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I am now reading the book Calculus of Variations written by Jost and I have a problem in the proof of Noether's theorem:

Theorem 1.5.1. Let $F\in C^2([a, b]\times \mathbb R^d \times \mathbb R^d, \mathbb R)$ and a one-parameter family of maps $$h_s:\mathbb R^d\rightarrow \mathbb R^d$$ be of class $C^2\bigl((-\varepsilon_0, \varepsilon_0)\times \mathbb R^d, \mathbb R\bigr)$ for some $\varepsilon_0>0$ with $$h_0(z)=z \quad \forall z\in \mathbb R^d$$ satisfying $$\int_a^b F\Big(t,h_s\bigl(u(t)\bigr),\frac {d}{dt}h_s\bigl(u(t)\bigr)\Big) dt=\int_a^bF\Big(t,u(t),\dot{u}(t)\Big)dt$$ for all $s\in(-\varepsilon_0, \varepsilon_0)$ and all $u\in C^2([a, b], \mathbb R^d)$.

Then, for any solution $u(t)$ of the Euler-Lagrange equation for $$I(u)=\int_a^bF\Big(t,u(t),\dot{u}(t)\Big)dt,$$ $$F_p\bigl(t,u(t),\dot{u}(t)\bigr) \frac{d}{ds}h_s\bigl(u(t)\bigr)\Bigl|_{s=0}$$ is a constant $\forall t\in [a, b]$.

The proof begins with saying the invariance of the integral gives $\forall t_0\in [a, b]$, $$\frac {d}{ds} \int_a^{t_0} F\Big(t,h_s\bigl(u(t)\bigr),\frac {d}{dt}h_s\bigl(u(t)\bigr)\Big) dt\Bigl|_{s=0}=0.$$However, this is where I find my difficulties. I can understand it when $t_0=b$, but I cannot see the reason why otherwise. I do think it is possible since we require the integral to be unchanged $\forall u\in C^2$. I have tried changing the variable $t$ so that the case where $t_0\in [a,b]$ is arbitrary is reduced to $t_0=b$, but I have yet to make any progress.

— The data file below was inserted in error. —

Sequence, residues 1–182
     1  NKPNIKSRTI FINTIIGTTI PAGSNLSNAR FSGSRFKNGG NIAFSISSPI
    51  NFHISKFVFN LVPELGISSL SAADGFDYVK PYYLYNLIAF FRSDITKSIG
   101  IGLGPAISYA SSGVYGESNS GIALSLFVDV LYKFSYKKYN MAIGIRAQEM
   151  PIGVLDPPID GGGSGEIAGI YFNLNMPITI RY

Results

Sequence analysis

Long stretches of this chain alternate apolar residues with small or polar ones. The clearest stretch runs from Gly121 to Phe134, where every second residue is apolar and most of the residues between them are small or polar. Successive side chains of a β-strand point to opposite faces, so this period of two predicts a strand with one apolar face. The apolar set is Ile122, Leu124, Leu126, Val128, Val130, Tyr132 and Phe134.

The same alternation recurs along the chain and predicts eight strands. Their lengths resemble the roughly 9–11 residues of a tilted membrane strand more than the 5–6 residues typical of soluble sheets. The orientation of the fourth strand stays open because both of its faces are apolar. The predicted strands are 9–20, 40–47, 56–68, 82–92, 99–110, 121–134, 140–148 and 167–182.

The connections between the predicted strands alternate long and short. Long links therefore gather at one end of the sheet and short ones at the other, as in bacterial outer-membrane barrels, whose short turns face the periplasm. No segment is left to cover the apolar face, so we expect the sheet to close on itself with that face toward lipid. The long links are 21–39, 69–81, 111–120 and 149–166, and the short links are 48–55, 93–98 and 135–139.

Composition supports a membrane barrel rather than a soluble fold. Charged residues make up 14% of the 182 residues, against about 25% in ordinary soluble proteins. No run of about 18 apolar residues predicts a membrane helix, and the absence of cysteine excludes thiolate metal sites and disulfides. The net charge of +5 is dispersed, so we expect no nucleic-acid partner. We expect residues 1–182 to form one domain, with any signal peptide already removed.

So is there any hint that anyone can give me? It would be of great help if there are any and thanks in advance!

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